It was during the Christmas season that my Mother would bake her fresh wheat bread, wake us up early for her perfect gooey cinnamon rolls before school, and every Sunday, Monday, and Friday we would chow down on Ghirardelli brownies with ice cream. Everything she baked was the perfect gift. However, now that I am allergic to gluten, I can’t eat any of her baked goods. To fix this, I decided to turn to Pintrest, but every delicious goodie either broke apart at my touch, or failed to bake past its strange gelatin-like state. I used bean flour for cookies, dates for brownies, and even tried bananas for pecan pancakes! Nothing cooked correctly, and I was devastated. I didn’t bake, or eat anything baked, for months. I was healthier, but I also felt incredibly deprived when the perfect cakes were not gluten-free and my favorite pies were fatal to consume.
I was searching for a solution to holiday baking on Pintrest, again (I’m an addict), when my Aunt brought home a mix from the store for a gluten free cake. It was delicious. We checked out the ingredients for the flours that were used in the cake, and found that it had a flour we had not yet tried. I found out that this flour is the Holy Grail of all my favorite recipes for baking: Brown Rice Flour (I am convinced that angels sang at the discovery of such a delicious ingredient). I will attach links to several holiday recipes below. Follow each step, no matter how strange it may appear. If one of the steps asks you to massage a head of lettuce before hanging it on a clothesline in your oven to dry to add moisture to your bread dough, do it. It will be worth it.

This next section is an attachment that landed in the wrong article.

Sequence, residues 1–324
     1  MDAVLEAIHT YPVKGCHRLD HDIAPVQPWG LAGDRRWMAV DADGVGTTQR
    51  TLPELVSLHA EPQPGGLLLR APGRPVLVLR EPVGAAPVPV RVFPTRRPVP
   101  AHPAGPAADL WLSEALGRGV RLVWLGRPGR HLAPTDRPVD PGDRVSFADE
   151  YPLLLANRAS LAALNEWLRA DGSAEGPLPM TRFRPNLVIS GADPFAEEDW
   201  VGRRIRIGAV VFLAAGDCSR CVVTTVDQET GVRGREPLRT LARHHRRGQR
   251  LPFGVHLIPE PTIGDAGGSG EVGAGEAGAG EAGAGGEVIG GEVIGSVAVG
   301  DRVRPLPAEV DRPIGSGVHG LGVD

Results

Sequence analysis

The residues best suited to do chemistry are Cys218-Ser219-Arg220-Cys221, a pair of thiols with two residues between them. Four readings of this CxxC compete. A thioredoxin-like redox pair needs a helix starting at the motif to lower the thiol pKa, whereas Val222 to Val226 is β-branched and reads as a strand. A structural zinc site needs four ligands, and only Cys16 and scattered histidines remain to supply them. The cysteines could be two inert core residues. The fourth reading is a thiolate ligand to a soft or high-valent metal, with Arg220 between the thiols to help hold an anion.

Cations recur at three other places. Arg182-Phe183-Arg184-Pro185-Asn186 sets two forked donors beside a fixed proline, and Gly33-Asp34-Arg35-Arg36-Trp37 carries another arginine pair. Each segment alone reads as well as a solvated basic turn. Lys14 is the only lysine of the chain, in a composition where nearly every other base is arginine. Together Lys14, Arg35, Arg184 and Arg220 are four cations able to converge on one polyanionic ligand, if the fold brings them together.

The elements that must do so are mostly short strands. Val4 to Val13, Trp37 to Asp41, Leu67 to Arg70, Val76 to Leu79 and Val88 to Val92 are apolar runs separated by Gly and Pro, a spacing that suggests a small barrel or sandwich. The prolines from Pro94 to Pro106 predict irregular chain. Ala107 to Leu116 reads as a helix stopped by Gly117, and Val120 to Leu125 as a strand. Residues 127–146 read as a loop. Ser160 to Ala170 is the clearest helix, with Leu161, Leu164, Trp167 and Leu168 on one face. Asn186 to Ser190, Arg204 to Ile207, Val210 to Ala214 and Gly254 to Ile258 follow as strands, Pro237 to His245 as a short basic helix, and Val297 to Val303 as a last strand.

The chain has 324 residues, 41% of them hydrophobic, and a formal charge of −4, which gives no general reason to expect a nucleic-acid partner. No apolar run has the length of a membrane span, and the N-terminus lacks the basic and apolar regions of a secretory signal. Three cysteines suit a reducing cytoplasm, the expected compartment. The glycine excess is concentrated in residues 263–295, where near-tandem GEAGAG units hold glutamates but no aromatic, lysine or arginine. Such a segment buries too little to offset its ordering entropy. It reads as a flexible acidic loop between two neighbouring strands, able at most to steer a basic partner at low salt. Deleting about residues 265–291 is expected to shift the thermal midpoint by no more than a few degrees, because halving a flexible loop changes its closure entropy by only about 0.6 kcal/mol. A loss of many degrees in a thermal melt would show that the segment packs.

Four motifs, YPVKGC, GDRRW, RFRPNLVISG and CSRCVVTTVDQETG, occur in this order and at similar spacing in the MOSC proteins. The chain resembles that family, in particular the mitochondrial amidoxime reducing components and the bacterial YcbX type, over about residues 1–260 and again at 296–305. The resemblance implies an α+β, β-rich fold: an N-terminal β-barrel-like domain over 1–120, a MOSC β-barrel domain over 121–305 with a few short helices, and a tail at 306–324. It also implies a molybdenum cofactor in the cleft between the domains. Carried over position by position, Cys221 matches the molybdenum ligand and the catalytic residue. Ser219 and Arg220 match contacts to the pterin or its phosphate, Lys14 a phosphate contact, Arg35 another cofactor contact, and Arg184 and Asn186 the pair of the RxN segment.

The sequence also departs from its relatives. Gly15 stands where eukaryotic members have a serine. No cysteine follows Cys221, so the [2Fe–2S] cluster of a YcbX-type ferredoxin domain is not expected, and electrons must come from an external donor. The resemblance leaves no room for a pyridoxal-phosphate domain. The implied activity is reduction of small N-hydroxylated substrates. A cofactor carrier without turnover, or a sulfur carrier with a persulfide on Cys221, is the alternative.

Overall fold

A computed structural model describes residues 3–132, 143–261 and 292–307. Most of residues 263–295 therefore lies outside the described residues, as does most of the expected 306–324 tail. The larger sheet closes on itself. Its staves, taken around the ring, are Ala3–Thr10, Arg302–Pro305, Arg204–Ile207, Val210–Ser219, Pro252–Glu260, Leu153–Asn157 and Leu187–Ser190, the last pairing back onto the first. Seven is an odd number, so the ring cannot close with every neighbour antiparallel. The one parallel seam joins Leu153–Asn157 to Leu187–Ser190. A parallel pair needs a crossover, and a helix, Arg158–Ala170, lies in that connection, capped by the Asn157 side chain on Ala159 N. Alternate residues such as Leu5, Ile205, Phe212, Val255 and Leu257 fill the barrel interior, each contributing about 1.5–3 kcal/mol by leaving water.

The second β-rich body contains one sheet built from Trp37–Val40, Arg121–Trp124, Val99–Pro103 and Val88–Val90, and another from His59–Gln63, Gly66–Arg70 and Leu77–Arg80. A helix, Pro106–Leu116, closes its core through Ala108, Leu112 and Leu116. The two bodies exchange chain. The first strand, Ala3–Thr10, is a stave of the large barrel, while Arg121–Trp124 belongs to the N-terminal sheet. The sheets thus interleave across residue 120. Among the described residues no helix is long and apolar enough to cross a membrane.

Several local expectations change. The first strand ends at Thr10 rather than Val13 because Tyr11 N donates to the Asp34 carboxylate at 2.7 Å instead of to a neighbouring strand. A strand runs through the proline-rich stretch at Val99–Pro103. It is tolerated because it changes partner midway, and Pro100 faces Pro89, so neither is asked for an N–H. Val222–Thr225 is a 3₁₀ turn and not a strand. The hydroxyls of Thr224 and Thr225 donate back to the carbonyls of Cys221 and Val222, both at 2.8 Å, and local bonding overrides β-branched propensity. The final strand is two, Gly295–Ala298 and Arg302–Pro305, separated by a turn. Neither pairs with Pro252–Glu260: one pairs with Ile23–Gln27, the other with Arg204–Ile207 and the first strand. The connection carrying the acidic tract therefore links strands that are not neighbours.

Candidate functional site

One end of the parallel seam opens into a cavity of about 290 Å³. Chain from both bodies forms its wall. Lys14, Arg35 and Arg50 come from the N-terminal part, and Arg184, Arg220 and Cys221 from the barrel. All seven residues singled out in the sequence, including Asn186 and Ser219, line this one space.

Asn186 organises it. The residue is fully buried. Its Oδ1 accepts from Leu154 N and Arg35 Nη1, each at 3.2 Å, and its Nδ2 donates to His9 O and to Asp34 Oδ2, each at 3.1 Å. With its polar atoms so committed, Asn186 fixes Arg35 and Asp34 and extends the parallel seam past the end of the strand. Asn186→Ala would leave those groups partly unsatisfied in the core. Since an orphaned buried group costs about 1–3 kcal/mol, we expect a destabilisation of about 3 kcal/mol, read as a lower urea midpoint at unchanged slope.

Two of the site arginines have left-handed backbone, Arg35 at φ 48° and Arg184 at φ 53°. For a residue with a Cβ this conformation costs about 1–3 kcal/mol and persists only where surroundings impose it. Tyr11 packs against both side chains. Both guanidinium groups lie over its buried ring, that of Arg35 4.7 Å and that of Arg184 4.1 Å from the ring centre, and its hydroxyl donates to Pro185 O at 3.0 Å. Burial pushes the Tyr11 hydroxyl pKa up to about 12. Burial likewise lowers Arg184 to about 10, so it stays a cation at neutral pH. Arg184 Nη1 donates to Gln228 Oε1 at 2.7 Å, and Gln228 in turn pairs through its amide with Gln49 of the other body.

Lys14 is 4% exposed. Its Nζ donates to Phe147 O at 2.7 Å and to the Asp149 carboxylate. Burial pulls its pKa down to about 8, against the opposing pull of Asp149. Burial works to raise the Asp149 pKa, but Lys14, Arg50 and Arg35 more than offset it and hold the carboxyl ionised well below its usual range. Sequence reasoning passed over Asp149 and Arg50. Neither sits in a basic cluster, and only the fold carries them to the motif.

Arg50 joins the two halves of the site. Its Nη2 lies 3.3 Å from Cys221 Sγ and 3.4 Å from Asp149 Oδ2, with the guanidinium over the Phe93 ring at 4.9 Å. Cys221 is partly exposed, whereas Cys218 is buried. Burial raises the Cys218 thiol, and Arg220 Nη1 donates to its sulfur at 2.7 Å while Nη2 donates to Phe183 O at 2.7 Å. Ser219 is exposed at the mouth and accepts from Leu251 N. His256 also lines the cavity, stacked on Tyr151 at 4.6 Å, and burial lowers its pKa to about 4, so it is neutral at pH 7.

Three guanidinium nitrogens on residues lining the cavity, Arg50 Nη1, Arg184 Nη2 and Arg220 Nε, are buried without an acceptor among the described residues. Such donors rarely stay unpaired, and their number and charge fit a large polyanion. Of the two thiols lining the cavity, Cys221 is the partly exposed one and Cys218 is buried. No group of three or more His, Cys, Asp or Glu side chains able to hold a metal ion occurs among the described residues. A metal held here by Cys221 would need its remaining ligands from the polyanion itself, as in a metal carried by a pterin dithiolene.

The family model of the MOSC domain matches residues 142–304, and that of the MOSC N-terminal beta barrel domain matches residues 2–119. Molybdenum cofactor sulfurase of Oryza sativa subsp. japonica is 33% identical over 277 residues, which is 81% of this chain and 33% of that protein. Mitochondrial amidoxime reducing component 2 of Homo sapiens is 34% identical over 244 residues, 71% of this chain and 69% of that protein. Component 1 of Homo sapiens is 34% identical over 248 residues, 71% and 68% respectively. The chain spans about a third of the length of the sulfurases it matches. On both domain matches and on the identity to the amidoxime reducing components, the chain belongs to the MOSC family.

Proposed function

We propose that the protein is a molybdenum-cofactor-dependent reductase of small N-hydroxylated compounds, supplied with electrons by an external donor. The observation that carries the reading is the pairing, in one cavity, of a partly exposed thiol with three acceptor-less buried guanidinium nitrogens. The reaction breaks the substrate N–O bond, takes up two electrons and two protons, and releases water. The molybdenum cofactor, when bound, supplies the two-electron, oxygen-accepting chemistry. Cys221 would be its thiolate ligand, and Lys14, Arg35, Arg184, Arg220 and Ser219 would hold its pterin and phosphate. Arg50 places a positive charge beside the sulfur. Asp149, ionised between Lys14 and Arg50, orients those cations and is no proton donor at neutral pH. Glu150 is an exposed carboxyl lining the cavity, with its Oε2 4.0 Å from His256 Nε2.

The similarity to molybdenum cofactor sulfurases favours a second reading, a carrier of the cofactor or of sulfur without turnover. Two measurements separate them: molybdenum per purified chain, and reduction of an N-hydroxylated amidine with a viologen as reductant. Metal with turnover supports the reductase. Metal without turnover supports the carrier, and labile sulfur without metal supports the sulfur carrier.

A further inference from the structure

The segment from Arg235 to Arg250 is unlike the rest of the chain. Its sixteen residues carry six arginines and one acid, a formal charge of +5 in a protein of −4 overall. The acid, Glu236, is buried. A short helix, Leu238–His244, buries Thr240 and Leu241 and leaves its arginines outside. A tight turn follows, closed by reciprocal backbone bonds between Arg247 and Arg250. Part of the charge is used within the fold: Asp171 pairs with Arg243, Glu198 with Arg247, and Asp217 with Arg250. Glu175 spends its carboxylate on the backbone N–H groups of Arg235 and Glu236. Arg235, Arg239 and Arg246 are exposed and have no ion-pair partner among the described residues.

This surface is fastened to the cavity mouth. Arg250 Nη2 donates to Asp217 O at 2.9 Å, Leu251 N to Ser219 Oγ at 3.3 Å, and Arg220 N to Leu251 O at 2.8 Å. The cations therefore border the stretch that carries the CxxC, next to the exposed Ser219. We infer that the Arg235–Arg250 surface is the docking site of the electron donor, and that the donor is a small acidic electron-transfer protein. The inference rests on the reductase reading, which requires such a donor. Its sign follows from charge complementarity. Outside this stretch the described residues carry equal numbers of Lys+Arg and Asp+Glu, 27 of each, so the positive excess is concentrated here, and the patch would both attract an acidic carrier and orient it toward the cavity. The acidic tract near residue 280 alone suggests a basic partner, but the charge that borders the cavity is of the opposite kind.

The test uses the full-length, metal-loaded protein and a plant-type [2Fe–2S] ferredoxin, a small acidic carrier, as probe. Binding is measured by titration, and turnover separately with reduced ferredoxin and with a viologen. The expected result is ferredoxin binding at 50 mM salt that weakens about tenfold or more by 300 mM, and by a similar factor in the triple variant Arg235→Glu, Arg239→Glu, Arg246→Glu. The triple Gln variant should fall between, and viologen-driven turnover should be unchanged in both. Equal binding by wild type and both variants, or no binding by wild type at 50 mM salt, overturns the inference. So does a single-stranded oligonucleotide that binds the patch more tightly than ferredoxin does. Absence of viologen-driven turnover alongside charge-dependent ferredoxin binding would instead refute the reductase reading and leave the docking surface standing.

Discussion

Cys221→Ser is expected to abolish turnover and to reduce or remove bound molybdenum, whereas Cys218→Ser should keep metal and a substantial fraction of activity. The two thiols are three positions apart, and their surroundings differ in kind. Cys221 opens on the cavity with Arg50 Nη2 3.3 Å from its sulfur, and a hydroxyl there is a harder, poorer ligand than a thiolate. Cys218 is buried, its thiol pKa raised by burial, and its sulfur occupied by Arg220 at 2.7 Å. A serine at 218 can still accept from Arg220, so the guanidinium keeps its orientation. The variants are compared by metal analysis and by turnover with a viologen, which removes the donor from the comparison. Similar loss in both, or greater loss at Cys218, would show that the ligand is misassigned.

In gluten-free baking there can be many challenges. However, most of these challenges can be overcome by following directions and understanding your ingredients. Know what the flours you have can do. Treat each flour like they are your friend, and they will treat you well. You can follow this link to see what different flours in gluten-free can baking do: http://www.theglutenfreespouse.com/2010/05/explaining-gluten-free-flours.html
Next, if you don’t have all the exact ingredients, substitute to the best of your ability (keep an open mind, and you can use whatever sugar you want. It doesn’t have to be Raw or Organic for the food to taste divine) the product may look strange before you put it into the pan for the oven. Cookies will almost always look crumbly. This is okay. Just press the dough in your hands and it will fix itself. Pie crust does the same thing. It is okay, don’t get stressed. ‘Tis NOT the season for stress. When the product comes out of the oven, it will usually look darker than normal recipes. The change of color is normal. Remember that gluten-free baking is not normal baking. It will look, sound, smell, and feel different than normal baking. While baking, prepare for an adventure. J
Here are some of my favorite recipes thus far:
Pie Crust: http://www.makeit-loveit.com/2015/07/the-no-fail-gluten-free-pie-crust-thats-amazingly-delicious.html (I made a half-dozen pies with my first mass recipe with this, and it was delicious)
Chocolate Chip Cookies: http://bojongourmet.com/2012/10/soft-and-chewy-gluten-free-chocolate/
Bread: http://holistichealthnaturally.com/15-amazing-gluten-free-bread-recipes/ AND http://www.onegoodthingbyjillee.com/2014/06/gluten-free-bread-one-less-90-seconds.html?utm_source=getresponse&utm_medium=email&utm_campaign=onegoodthing&utm_content=[[rssitem_title]]
Molasses Cookies: http://www.gimmesomeoven.com/chewy-ginger-molasses-cookies/
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